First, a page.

Tag Archives: Gospel


I once heard two Baptist ministers on TV say that anyone who does not profess Jesus to be his or her Lord and Savior is doomed to everlasting damnation. No exceptions. Innocent ignorance and good intentions notwithstanding, anyone who does not accept Jesus as the one and only Savior is condemned to everlasting torture.

Here we are once again with a Gospel reading that seems to say what we find impossible to accept, something we know to be unreasonable and untrue. You just heard the words attributed to Jesus by the Gospel writer, this time St. John, that whoever does not believe in Jesus as God’s only Son and the Savior of the world has already been condemned. What are we to make of such a statement? Well, I suggest that this is what we do with it:

1. We start with the fact that through the entire first century, the infant church did not have the bible that we have today; there was a word of mouth tradition, the faith being passed on from person to person and generation to generation under the leadership of the apostles and their successors. The church was like a classroom that had a teacher and an eager body of learners – but not yet a textbook. The formation of the Christian faith community came first; the textbook — the bible — was being developed and refined at the same time.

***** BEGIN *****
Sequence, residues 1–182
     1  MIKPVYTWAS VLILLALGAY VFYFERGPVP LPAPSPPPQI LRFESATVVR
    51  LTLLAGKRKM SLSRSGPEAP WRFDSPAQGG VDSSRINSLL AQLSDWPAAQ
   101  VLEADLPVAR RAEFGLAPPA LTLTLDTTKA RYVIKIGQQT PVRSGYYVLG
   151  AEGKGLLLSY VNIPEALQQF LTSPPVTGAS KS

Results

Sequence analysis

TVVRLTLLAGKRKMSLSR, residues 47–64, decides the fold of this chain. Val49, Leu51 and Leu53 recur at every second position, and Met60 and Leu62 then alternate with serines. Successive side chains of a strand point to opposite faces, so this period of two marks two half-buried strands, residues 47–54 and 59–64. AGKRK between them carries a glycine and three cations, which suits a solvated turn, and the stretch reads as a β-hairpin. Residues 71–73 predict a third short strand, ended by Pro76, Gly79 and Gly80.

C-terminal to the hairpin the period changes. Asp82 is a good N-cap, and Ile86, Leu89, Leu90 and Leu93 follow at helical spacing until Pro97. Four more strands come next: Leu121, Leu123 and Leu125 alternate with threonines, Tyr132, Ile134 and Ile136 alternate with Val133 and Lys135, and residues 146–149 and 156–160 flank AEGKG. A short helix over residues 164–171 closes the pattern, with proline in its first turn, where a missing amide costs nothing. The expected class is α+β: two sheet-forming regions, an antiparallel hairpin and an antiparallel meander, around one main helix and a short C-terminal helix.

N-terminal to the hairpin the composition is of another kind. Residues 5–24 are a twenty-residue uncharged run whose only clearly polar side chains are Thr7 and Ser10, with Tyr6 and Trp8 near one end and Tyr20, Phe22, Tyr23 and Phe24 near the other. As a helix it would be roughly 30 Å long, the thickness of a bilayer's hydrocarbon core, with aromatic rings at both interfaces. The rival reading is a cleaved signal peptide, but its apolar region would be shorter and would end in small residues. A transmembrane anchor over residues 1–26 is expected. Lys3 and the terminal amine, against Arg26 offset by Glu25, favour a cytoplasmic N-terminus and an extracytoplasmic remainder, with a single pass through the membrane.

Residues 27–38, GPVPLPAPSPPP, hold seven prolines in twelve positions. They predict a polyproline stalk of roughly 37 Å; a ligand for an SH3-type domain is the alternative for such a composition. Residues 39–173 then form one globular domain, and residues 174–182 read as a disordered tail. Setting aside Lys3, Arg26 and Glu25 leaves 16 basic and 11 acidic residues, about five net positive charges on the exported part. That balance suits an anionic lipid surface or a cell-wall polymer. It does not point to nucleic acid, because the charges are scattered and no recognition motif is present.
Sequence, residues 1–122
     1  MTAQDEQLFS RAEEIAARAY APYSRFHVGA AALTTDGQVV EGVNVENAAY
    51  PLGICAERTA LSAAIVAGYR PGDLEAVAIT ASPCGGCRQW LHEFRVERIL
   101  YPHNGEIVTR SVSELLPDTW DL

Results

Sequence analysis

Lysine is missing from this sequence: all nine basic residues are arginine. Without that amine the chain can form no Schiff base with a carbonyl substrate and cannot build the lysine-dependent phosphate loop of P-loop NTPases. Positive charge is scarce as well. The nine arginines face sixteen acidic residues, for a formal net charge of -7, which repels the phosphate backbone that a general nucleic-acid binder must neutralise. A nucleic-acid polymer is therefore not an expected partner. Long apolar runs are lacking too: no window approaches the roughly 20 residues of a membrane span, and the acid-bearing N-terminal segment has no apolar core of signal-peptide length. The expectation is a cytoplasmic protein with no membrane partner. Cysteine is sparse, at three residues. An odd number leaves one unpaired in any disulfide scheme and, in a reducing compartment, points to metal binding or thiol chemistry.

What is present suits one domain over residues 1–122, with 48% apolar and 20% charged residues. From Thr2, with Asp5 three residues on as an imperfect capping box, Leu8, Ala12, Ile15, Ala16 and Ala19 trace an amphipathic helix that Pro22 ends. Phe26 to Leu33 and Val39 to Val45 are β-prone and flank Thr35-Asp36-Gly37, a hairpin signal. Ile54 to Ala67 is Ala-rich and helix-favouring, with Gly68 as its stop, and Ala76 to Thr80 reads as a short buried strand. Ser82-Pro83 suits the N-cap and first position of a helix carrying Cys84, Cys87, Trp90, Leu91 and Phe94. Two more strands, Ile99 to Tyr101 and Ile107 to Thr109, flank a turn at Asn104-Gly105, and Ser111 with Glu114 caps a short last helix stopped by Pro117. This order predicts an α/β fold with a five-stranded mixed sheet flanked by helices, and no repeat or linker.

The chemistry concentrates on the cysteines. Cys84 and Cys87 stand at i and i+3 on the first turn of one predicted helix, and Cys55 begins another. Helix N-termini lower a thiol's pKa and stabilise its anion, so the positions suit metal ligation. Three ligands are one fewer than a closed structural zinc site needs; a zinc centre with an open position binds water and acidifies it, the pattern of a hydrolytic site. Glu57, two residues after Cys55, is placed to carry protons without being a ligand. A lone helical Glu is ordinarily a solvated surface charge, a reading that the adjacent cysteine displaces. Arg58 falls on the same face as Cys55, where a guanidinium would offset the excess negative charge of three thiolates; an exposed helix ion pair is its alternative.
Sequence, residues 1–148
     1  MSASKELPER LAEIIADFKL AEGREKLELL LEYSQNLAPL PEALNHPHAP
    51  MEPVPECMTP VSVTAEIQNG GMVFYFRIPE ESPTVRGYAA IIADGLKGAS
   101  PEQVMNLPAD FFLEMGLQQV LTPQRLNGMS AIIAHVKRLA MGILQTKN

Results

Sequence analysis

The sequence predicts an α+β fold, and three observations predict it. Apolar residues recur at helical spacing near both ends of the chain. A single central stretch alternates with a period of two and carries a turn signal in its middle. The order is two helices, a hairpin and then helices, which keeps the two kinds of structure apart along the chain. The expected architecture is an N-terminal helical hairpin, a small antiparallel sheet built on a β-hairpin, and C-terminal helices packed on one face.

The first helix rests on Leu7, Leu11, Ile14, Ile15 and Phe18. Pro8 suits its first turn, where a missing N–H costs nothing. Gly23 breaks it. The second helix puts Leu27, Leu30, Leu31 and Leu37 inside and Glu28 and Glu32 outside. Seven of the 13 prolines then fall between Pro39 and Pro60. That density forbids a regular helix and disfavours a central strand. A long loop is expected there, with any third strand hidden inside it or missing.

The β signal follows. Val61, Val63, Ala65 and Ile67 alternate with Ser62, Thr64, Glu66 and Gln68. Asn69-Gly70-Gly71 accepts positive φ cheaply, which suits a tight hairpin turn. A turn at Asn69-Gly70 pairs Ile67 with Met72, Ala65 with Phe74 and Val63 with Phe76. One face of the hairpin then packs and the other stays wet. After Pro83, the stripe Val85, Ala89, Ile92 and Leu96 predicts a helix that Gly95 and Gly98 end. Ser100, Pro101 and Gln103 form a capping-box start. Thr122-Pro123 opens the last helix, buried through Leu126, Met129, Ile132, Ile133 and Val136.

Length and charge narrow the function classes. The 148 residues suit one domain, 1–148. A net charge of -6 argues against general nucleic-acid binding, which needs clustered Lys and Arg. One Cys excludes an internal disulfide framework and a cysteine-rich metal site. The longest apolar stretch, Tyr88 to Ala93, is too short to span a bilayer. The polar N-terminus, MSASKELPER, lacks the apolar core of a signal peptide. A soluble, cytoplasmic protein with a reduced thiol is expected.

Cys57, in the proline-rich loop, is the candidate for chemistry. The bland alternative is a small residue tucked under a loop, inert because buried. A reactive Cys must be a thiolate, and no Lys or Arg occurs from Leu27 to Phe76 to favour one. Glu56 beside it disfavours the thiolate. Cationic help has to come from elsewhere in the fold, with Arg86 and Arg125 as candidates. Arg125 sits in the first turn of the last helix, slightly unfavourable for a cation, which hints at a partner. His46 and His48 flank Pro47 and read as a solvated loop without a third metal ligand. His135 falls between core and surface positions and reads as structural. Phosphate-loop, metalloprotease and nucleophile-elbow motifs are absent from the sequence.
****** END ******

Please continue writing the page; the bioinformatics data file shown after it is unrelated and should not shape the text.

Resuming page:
2. We admit that both the Old and the New Testaments contain many vengeful statements, as they are called, that sound hard, even cruel, and we realize that they have to be understood in the context of love. I think no one has expressed that better than the authors of the brilliant little book, Good Goats: Healing Our Image of God. Listen to this quote from page 13: “…we use vengeful punishment language all the time in our homes and families. Such statements are exaggerations (hyperbole) that can be safely used only in a context where everyone understands that they are not to be taken literally…”

Later on the authors say that when Jesus intervened in the about-to-take-place stoning of a woman accused of adultery, he was telling the scribes and Pharisees that they were not to interpret literally those words of Moses which commanded the violent execution of such a sinner.

3. We must read or hear the bible always with common sense! We can be sure that Jesus and the Spirit of God expect that of us. If I tell you that I am blue today, I assume you know that the comment has nothing to do with my skin color, but only with my mood. If you tell me that there were a million people at the dinner last night, I know you mean many, not a thousand thousand. Similar adjustments and accommodations that we make all the time must also be made when we are reading or hearing the ancient scriptures.

With these guidelines in mind, we can be certain that Jesus is not saying what the two ministers interviewed on TV claimed he was saying: that those who don’t know or follow Jesus are on their way to eternal damnation. No, what he was saying is that the first and most basic duty of every human being is to try to find the truth in all things and then to live by it, to look for the light and to walk toward it and then in it. Truth and light will lead us to goodness and love. Jesus is truth and light, and all persons, regardless of their religion, who make goodness and love the essential standards of their lives, walk in the company of Jesus, whether they recognize him or not.